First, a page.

Labour and Employment:

Promoting green jobs and access to decent working conditions

The labour and employment experts at SOCIEUX+ have been actively working on the promotion of green jobs during 2018, supporting economic and political institutions all over the world to tackle the challenges of transitioning to a green economy. Presented here is a reflection on the work undertaken by our experts and partners in civil society and the public and private sectors this year.

In the transition toward environmentally sustainable economies and societies, the world of work is confronted with several important challenges. One of them is the availability of the relatively new skills and abilities that both current and new workers need to enable a low-carbon, resource-efficient, and climate-resilient economy. Our working groups have been frequently focused on the challenges in identifying the labour skills that enable the creation of green jobs and facilitate the transition to a green economy for all working people. There are three contexts in which the skills necessary for green jobs can be understood; each context requires a different set of skills and abilities:

  1. Economic activities that limit pollution. These refer to all occupations related to the reduction, control, and elimination of all polluting agents.
  2. Transitional activities toward a green economy. These activities cover the adoption of green business practices to reduce emissions and conserve natural resources. They occur in all sectors of the economy, and in both urban and rural areas. The greening of companies and existing occupational activities does not necessarily imply the creation of new occupations, but rather the transformation of existing ones through the acquisition of additional skills.
  3. New green occupations and jobs. In certain sectors, innovation and investment leads to the creation of new green jobs, which has been demonstrated in the areas of renewable energy, green construction, the circular economy and related recycling efforts, ecotourism, etc.

In all three contexts, technological innovation is driving the proliferation of new business models, new products and services, and new consumption patterns. Government policies in response to climate change and investments in new green economic activities have triggered the emergence and diffusion of these new technologies, which require specific competencies and skills; hence the need for new curriculums and programs that develop these skills and promote the creation of new jobs and greener businesses. In this context, several questions have to be addressed, such as:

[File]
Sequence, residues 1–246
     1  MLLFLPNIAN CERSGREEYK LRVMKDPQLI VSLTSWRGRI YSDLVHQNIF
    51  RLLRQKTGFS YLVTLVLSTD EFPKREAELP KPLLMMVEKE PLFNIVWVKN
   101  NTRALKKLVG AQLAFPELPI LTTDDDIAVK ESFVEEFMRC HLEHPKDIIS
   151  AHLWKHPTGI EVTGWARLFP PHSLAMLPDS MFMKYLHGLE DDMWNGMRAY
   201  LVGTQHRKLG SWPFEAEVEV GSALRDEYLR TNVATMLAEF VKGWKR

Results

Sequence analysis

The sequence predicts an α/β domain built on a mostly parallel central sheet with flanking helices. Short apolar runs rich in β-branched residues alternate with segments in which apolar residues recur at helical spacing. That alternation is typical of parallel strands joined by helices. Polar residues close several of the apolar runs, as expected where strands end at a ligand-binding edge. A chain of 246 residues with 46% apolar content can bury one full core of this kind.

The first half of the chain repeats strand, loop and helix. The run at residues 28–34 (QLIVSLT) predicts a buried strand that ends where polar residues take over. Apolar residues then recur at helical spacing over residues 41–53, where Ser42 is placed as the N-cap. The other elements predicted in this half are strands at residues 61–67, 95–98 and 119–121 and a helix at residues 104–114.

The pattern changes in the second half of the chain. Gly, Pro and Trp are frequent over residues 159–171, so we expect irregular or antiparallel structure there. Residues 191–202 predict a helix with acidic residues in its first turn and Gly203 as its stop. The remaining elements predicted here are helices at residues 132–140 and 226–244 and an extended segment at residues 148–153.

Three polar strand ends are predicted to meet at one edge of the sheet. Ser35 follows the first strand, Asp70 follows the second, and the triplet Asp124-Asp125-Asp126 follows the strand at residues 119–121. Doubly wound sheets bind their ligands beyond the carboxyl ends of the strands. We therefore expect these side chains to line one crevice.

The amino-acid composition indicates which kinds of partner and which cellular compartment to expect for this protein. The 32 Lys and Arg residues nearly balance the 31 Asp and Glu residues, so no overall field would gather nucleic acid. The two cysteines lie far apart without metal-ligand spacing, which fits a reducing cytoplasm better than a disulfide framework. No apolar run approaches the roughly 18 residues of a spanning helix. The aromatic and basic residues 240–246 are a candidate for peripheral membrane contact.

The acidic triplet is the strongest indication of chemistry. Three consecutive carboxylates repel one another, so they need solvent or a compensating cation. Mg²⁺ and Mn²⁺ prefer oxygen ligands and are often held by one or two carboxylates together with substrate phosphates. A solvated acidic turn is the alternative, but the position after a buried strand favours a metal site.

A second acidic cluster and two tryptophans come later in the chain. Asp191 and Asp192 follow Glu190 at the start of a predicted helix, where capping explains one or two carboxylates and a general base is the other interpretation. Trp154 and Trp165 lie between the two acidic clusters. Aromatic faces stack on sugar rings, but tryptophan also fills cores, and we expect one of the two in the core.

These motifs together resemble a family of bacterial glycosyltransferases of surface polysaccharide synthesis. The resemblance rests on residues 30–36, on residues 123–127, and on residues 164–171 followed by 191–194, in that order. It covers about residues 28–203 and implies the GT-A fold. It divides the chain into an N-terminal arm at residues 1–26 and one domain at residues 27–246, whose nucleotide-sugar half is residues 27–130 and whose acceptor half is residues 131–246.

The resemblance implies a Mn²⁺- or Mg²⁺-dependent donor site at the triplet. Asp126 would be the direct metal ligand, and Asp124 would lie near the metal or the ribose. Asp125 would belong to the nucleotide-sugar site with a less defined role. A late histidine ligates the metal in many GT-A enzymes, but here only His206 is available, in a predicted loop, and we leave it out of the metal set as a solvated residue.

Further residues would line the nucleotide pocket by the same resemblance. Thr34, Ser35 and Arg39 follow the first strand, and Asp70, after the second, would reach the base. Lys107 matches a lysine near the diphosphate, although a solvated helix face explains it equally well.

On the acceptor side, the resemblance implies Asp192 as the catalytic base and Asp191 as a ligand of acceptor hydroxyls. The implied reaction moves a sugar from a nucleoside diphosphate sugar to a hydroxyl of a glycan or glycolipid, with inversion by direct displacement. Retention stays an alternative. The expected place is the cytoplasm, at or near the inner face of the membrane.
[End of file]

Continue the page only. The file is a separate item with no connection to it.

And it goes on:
• What are the changes in existing occupations, in both quantitative and qualitative terms? How can existing competencies be adapted to technological innovations and other transformations? Who are the actors of this transition? How can we promote and ensure a social dialogue between employers, workers, and education institutions, to accelerate this transition? It is very important to distinguish existing occupations from new occupations.
  • How can we support innovation as well as new technologies, environmental policies and regulations, and changes in citizens’ behaviours, both nationally and internationally?
  • What occupations will disappear? What are some solutions for workers in these fields? What are the conversion plans for these workers, and the families and communities that depend on their income? How can our partners finance the shift to new jobs and the revitalization of local economies impacted by this transition?
  • How can we best anticipate the skills needed for new green jobs? What are these emerging occupations? What are the current qualification levels and systems in place for certification? What additional trainings and certifications would be relevant?
  • On the other hand, do the institutions and agencies in charge of cataloguing occupations and constructing profiles have the capacity to adjust their curriculum to the new requirements? How do they interact with other economic and social entities? Which influences drive curriculum change in academic and technological institutions? How can social dialogue play an instrumental role in these changes?
  • Do all segments of the national population – e.g., indigenous communities, youth, women – have the same opportunities to acquire the key competencies for these emerging occupations? Can they access training programmes equally? Is there a need to design specific programmes adjusted to their needs and participation capacity? In countries with large informal labour markets, innovative skills development programmes which build on existing learning systems may need to be developed.

In addition, the process of changing labour competencies is not uniform. There are important regional, national and local discrepancies, which should be identified and used to adjust the plans to geographical and socio-political particularities. Accompanying partner countries to address these challenges is the main goal of SOCIEUX+, and we enjoy mobilizing expertise to work collaboratively on these challenges with them.

Catherine Barme, Employment and Labour Coordinator
Kees van der Ree, Senior Expert in Green Jobs